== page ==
LONDON (Reuters) - The chances of a no-deal Brexit fell in the last month because UK Prime Minister Boris Johnson looks set to win a Dec. 12 election and secure the backing in parliament he needs to get his new Withdrawal Agreement passed, a Reuters poll found.
The median probability of a disorderly Brexit, where no deal is agreed, dropped to 20% in the Nov. 8-12 Reuters poll of economists from 30% in October, the lowest since a poll taken in May soon after the EU granted another delay to Britain’s departure.
“Brexit headwinds have dissipated as the threat of no-deal in October passed and the Brexit deadline was pushed out again. The focus has clearly shifted to the UK election campaign,” said Victoria Clarke, an economist at Investec.
Giving Johnson his biggest boost of the election campaign, Nigel Farage’s Brexit Party on Monday pulled out of contesting 317 seats held by the ruling Conservatives in a bid to prevent opponents of Brexit controlling parliament.
That may help give Johnson a parliamentary majority in the Dec. 12 election and allow him to deliver on the June 2016 referendum result to take Britain out of the European Union.
Johnson’s Conservative Party edged further ahead of the opposition Labour Party during the past week, a public opinion poll by ICM showed on Monday.
A large majority of economists said - as they have in all Reuters polls since the 2016 referendum - that London and Brussels would eventually agree a free trade deal.
The second most likely scenario was again for Britain to remain a member of the European Economic Area, which would mean paying into the EU budget to retain access to the Single Market but having no say over policies.
Third spot was the more extreme option of leaving without a deal and trading under World Trade Organization rules. As in most Reuters polls, last place went to Brexit being cancelled.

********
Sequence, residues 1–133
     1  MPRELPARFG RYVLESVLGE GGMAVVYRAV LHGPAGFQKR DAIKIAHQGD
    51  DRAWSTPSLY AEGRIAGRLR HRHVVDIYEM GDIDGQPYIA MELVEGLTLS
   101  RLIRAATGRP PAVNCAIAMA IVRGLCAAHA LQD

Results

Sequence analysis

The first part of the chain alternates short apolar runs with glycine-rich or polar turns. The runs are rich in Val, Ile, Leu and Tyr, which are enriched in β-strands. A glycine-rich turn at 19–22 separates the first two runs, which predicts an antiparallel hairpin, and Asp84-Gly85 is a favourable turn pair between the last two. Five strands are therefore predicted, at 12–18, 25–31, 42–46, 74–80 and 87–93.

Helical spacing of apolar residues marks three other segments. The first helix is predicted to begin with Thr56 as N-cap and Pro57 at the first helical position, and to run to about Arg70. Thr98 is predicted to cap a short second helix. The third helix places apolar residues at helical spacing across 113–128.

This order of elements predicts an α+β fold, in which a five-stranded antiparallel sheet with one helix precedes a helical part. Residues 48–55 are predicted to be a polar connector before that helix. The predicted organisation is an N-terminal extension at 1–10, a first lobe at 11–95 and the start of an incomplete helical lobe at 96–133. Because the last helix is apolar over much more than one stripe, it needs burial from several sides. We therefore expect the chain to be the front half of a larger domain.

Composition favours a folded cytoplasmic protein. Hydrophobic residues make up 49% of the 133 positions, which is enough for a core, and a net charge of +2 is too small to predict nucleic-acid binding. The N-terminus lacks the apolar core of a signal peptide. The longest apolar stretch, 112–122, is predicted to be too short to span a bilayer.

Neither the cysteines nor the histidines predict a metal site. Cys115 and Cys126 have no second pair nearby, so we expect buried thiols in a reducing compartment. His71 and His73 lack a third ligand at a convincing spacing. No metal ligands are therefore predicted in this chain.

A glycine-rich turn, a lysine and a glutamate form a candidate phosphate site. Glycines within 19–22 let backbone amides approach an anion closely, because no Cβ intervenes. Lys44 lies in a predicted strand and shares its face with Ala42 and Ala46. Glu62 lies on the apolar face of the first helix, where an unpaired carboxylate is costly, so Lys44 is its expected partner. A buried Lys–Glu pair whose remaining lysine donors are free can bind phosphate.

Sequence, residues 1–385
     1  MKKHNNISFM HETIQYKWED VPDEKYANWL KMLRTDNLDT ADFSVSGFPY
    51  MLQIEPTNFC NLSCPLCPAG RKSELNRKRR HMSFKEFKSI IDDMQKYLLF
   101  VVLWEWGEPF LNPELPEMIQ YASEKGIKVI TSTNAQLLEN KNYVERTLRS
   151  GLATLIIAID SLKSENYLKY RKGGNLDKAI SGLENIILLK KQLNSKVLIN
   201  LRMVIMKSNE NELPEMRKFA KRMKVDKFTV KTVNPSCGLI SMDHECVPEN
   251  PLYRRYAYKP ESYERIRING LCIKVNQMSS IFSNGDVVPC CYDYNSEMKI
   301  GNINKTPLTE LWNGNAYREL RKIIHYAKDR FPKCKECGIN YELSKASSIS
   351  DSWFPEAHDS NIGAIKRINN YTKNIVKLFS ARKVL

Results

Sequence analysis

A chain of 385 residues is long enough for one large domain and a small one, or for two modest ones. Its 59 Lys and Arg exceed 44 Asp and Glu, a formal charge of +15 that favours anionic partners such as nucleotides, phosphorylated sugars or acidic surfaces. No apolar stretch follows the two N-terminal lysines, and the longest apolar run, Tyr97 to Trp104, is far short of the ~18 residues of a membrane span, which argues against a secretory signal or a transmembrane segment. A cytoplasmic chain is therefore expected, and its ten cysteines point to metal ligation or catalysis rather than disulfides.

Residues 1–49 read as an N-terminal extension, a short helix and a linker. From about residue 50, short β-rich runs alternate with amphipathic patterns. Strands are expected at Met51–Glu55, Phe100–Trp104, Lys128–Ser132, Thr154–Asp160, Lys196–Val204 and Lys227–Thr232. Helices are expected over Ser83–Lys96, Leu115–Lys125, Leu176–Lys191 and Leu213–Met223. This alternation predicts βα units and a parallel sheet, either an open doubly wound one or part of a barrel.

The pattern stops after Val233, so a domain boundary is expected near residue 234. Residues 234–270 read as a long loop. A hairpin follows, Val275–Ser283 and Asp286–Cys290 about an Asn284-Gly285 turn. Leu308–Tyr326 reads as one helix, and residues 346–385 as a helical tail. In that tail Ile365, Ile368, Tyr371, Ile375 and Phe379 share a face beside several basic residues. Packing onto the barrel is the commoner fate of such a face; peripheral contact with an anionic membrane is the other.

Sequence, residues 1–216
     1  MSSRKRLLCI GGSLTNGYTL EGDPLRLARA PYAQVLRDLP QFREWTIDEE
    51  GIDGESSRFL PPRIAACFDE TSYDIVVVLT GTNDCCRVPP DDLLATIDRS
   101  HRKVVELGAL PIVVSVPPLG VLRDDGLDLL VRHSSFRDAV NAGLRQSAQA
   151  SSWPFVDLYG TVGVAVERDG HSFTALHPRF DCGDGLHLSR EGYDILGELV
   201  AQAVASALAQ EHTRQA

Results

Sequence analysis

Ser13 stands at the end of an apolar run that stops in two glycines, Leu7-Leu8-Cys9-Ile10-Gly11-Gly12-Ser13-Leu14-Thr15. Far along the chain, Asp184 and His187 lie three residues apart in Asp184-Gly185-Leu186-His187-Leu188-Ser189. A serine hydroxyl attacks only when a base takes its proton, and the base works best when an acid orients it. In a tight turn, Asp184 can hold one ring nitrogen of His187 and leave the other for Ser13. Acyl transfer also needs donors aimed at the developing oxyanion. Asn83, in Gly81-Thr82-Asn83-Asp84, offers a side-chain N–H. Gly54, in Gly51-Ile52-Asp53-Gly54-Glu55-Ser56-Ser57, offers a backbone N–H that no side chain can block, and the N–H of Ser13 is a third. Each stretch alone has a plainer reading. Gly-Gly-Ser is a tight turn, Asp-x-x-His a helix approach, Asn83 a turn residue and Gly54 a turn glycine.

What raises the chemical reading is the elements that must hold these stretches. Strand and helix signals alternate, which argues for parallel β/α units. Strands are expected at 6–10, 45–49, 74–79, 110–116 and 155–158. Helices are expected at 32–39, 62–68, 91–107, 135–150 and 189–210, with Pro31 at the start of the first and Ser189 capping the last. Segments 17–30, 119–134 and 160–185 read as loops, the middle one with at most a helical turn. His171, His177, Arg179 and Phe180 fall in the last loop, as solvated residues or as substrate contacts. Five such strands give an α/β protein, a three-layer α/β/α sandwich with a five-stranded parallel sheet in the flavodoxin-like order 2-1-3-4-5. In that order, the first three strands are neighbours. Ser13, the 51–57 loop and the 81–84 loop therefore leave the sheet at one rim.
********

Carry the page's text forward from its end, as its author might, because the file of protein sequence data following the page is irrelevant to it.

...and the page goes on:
Britain’s departure from the EU has been delayed three times, causing huge uncertainty among investors and consumers as there was - and still is - no clear indication as to how, when, or even if the two sides will finally divorce.
Uncertainty is likely to continue even if Johnson wins the election and there is an orderly exit in January as he faces another deadline at the end of 2020 to hammer out a new trade deal with the EU, economists said.
The economy grew at its slowest annual pace in nearly a decade during the three months through September as the global slowdown and Brexit worries hit manufacturing and business investment, official figures showed on Monday.
(Reuters Poll: Probability of disorderly Brexit - here)
The economy will barely expand in the fourth quarter, growing just 0.2%, the poll found. Growth is then forecast to accelerate to 0.3%-0.4% per quarter until the middle of 2021.
In 2019, the economy will expand 1.2% but growth will slow to 1.0% next year, the wider poll of almost 70 economists found.
With a no-deal Brexit less likely, the chances of a recession also fell, the poll found. They were pegged at 25% for a recession in the next 12 months, down from 30% previously, and 30% for one in the next two years, reduced from 35%.
Last week, the Bank of England nudged up its growth forecasts. But two of the Bank’s policymakers voted to cut rates and others could follow if growth remains weak and uncertainty about Britain’s longer-term trade ties with the EU persists.
According to median forecasts, the Bank Rate will sit at its current 0.75% through to the second half of 2021 when the Monetary Policy Committee will add 25 basis points - although more than a handful of economists polled by Reuters have a cut pencilled into their forecasts.
“For now, we think the Bank of England will probably avoid cutting interest rates in the near term although a lot depends on Brexit and whether the jobs market deteriorates further,” said James Smith, developed markets economist at ING.
Britain’s employers cut more jobs from July to September than in any quarter for four years, according to official data, highlighting how the labour market is slowing as the election nears.
Polling by Sarmista Sen and Khushboo Mittal; Editing by Ross Finley and David Clarke